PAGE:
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Saturdays out continued

Natasha made a fantastic stir-fry today. Somehow, she disregarded my preference for having meat at dinner… After foolishly expressing my dissatisfaction, I had to work overtime to praise leftover spaghetti with ground beef to avoid going altogether hungry…

For the second Saturday in a row, we were greeted by pleasant weather. Off we went in our usual pursuit of having fun in a foreign land.

Along the way, a curious incident happened. A subway agent put me in my place as a rude American.

Tube and train stations in London do not have turnstiles as in New York, but rather saloon-door-like ticket gates. Since travel costs different amount depending on your start and end zone, you have to use your ticket both when entering your origin station and when leaving your final station.

We are leaving the London Bridge rail station, and only Becky’s ticket allows her to go through the gate. Neither Kimmy, nor Natasha, nor me are able to follow – the gate doors do not open. There is always a service gate on the side, with an agent stationed by it. The guy is shooting breeze with some acquaintance. I gather our three offending tickets, head over and say “Hey, listen, how come we can’t get out?” He turns to me with a disdainful look and responds, “It’s not Hey, it’s Excuse me!“. Flabbergasted, I manage a weak “Excuse me”. He opens the gate, we proceed through it and continue on our way.

I have thought of a dozen witty repartees since then, but the bottom line is, what sounds to me like a simple conversational greeting, can be taken as thoughtlessly rude by the local populace. An interesting lesson learned, I guess.

Our first stop for the day was Kensington Gardens, specifically, the Princess Diana Memorial Playground that we did not get to visit last week. A place with marine overtones, the playground is dominated by the tall ship that allows more adventurous kids to climb up its masts. Anybody who knows Becky can easily guess that the girl had tons of fun. With an attraction like that, a jungle gym looks positively boring. Kimmy also did some ship exploring, but she mostly spent time in a wooden hut, making imaginary dinners and greeting both imaginary and real guests, Natasha and I alternately starring in the latter role.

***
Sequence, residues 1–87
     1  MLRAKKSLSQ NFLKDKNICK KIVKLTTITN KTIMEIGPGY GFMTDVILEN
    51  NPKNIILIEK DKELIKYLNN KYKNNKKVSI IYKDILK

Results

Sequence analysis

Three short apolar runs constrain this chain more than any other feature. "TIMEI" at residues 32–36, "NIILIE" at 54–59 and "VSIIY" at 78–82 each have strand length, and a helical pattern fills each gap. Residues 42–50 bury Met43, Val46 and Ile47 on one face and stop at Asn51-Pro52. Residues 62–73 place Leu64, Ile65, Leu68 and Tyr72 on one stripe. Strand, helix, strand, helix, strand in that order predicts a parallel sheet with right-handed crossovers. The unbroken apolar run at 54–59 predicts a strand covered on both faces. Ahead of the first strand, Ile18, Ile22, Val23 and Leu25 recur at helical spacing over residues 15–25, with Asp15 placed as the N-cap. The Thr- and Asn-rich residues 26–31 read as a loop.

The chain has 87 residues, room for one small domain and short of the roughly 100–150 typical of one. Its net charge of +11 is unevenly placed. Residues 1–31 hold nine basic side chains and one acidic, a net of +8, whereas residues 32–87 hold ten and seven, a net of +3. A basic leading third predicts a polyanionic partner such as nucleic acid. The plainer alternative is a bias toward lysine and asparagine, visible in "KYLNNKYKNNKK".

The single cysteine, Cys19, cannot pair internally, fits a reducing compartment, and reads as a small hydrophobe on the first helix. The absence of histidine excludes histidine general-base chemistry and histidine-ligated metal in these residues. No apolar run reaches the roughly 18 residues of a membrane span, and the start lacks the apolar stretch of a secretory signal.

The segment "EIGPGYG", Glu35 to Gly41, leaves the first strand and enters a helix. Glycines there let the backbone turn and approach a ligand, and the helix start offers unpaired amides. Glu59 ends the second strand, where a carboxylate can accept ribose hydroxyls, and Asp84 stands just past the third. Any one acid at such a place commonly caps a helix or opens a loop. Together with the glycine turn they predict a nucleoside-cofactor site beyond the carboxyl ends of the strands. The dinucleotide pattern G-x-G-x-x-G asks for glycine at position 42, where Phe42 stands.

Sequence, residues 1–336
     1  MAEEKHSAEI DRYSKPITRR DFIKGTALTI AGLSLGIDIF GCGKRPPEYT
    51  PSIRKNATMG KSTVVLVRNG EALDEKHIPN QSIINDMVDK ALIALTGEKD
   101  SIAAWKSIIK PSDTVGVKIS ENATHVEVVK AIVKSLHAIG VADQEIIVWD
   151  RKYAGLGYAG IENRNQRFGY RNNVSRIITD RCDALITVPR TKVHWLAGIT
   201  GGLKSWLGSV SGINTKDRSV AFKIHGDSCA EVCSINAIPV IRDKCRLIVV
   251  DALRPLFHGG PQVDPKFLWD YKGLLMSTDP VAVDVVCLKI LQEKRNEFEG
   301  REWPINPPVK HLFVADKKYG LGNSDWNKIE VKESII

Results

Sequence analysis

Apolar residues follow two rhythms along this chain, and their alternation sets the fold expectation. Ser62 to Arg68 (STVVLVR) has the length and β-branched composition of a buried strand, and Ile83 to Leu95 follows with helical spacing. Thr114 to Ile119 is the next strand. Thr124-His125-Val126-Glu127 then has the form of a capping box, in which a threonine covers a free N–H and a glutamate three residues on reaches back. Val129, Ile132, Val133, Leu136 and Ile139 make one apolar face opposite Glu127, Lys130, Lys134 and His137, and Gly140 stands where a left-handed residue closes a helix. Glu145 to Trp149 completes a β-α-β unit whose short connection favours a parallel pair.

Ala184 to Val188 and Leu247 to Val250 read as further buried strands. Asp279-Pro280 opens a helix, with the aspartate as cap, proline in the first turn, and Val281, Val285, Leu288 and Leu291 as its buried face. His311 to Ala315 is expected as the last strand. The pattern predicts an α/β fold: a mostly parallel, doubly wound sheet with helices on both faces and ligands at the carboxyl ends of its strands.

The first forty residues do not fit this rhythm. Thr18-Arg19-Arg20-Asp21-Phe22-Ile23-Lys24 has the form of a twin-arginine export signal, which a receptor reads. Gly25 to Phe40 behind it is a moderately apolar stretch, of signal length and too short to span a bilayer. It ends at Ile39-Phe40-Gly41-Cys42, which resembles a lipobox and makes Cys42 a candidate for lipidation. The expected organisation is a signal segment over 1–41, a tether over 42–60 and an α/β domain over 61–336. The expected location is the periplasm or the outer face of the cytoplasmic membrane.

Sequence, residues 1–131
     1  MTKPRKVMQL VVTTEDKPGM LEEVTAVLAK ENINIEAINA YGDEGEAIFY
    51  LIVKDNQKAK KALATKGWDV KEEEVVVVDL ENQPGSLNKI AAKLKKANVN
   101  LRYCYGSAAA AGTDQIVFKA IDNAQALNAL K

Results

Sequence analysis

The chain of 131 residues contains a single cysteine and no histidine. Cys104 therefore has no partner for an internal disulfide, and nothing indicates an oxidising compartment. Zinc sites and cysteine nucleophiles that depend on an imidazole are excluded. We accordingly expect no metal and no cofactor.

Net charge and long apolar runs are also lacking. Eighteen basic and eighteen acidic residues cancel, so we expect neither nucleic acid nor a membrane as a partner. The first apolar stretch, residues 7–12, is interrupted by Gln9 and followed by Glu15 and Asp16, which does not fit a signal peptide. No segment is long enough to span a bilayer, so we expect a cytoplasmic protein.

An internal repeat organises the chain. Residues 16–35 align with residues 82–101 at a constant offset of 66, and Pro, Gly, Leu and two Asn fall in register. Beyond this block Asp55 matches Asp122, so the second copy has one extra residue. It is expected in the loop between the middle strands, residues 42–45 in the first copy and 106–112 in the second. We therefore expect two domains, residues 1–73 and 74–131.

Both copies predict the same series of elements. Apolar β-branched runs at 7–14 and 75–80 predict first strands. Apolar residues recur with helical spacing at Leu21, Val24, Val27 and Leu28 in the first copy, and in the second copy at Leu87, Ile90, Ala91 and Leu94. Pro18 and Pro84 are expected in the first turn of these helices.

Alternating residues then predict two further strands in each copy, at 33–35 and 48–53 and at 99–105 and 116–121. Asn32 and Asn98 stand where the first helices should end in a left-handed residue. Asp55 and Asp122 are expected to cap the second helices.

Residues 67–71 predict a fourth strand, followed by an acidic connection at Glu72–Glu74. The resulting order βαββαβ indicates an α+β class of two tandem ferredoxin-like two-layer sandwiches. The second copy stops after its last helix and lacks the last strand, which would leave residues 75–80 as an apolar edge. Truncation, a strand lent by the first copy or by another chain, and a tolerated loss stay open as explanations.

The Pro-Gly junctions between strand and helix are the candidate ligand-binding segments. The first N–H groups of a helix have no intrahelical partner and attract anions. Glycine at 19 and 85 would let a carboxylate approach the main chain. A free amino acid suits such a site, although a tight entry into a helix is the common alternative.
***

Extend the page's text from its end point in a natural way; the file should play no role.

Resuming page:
They both managed to quickly acquire friends, Becky even a Russian-speaking one. A missed opportunity – we did not make an effort to talk up the girl’s parents…

Around 2pm, the skies started to get overcast and the low-hanging sun barely provided any warmth, so we walked across the park, by Prince Albert Memorial and Royal Albert Hall to the Science Museum.

Now, that one is fun! We only spent two and a half hours or so there and barely saw a quarter of it, but it surely has a huge variety of activities and exhibitions that appeal to all ages. We actually planned on going to see an IMAX movie in the museum theater, but the showings were not the ones that we would go for. Nor did we go for computer game arcades or the 3D Simulator. We will definitely come back to take advantage of those some other time.

Where we did spend most of our time is at the Launch Pad and the Who Am I gallery.

The Launch Pad is a kids-oriented hands-on gallery, with many different activities that either draw on scientific phenomena or make use of technology. For instance, you can build an arched bridge out of wooden blocks by placing them on removable foundation; when the blocks are all in place, the foundation can be pulled out from under the bridge, which remains perfectly standing and can be walked on. This result amazes kids and adults alike… Or station yourself at the two huge radar dishes, positioned at the opposite sides of the gallery. There are small metallic tubes in front of each dish; gently speaking into one makes you be heard by people who stand by the other dish, and only them… Or go immerse yourself in several dozen of other fun things to do…

The Who Am I gallery is devoted to the subjects of what makes each person unique and what human psyche is made of. There are several cool activities either in the form of arcade games that require unusual application of brain power or interactive presentations of some interesting topic. For instance, you can race a single sperm against its brethren, to see whether you can “make a baby”. Both Natasha and Becky won their races; I passed for fear of losing and denting my reputation… Or you can try racing a car around the track with the steering wheel working in reverse… Or you can choose a gift for either a boy or a girl, and see whether the kid likes your choice. Curiously, a virtual boy named Joseph did not reject a fashion doll in a pink dress… Becky spent a long time trying to make a gender-profiling machine work – it is supposed to take a picture of your face and then digitally morph it into various degrees of feminine and masculine. The picture was not coming out well, and morphing produced zombies who defied any gender classification…

One other gallery that we stopped by, In Future, had a fun computerized game around the idea of a smart toilet constantly analyzing your deposits and advising you and your doctor of your health…

Becky usurped my line and declared the day a success on our way back home.

Posted in In London